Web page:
It is a shock when our children come to us not a blank slate for us to write on, but wired with abilities and personality often similar to our own, our spouses, or even the in-laws we deal with only grudgingly. I was not immune to this discovery process. Once I was lamenting to my mother about the amazing musical talent my middle child had on the violin and how frustrating it was that he never practiced.

“I had really hoped one of my children would become an accomplished musician,” I said to Mom with a sigh.
“I always wished the same thing myself” she retorted.

Being a good parent is learning how to let go, first of your belief that your child will be perfect, then the hope they will be like you only much better, then the misconception that they are yours to mold at all. Somewhere between diapers and dating I relaxed, gave up my expectations, and really began to enjoy being a Mom. There were dark days when I abandoned all but hope. That is when I realized the essence of the parental role; give them unconditional love, keep advice to a minimum, and if you can stand it, let natural consequences be their teacher. Just when you finally get the knack of the parent thing, they are on their way out the door, suitcase in hand, eager to make the same stupid mistakes you did when you were young. Despite all I’ve learned, and how differently I reared my own brood, it what really kills me knowing now that my mother was right when she said, “You won’t understand until you have children of your own.”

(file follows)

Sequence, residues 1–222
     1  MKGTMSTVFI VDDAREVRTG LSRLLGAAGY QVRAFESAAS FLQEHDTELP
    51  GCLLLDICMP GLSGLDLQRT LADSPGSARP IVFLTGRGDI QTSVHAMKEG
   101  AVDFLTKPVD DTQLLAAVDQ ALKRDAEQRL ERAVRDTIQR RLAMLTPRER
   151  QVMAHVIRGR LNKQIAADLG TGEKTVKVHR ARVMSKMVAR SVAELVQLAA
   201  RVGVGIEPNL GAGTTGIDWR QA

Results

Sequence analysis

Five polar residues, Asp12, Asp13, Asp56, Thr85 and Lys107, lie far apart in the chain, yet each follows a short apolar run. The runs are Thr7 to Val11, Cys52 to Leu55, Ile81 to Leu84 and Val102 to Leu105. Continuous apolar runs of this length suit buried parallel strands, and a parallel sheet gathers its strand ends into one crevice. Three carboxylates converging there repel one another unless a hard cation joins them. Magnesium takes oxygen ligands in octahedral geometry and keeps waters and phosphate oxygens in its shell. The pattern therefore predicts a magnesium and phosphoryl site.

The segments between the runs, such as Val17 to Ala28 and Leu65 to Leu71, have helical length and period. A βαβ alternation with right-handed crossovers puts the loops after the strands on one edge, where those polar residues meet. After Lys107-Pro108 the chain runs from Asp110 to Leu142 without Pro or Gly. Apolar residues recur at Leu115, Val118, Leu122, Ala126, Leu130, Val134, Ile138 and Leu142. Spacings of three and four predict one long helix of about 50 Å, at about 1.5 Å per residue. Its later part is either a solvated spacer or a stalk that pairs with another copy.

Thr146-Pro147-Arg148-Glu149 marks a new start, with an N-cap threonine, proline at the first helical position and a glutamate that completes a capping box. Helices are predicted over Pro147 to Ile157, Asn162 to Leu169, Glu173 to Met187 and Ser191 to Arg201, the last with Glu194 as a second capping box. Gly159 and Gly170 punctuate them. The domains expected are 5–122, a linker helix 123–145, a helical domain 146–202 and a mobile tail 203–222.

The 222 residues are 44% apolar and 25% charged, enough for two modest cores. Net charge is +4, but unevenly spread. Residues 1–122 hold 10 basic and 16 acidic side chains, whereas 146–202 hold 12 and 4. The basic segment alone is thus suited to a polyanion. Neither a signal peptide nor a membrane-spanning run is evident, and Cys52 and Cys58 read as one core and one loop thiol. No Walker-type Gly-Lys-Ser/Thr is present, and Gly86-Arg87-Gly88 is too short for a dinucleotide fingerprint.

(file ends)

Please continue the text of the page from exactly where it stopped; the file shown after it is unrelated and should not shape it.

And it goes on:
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Flowers on the table

Posted by on Jan 30, 2011 in Death and renewal, Mother in Laws | 5 comments

Such is the marvel of modern marketing and shipping I was able to carry a bundle of beautiful blooms to my mother in law Friday, even though I drove through the snow to visit. She is in her end days now, in hospice care and happy to see even me when I come to visit. After a hug and several minutes of friendly conversation she looks at me and says, “Now you are of the family, right?” She then introduces me to the nurses and aides around her, all of whom know me already. We smile indulgently, like one would do for a child with an altered view of reality. Secretly all of us breath a silent prayer that we will die with our mental functioning intact.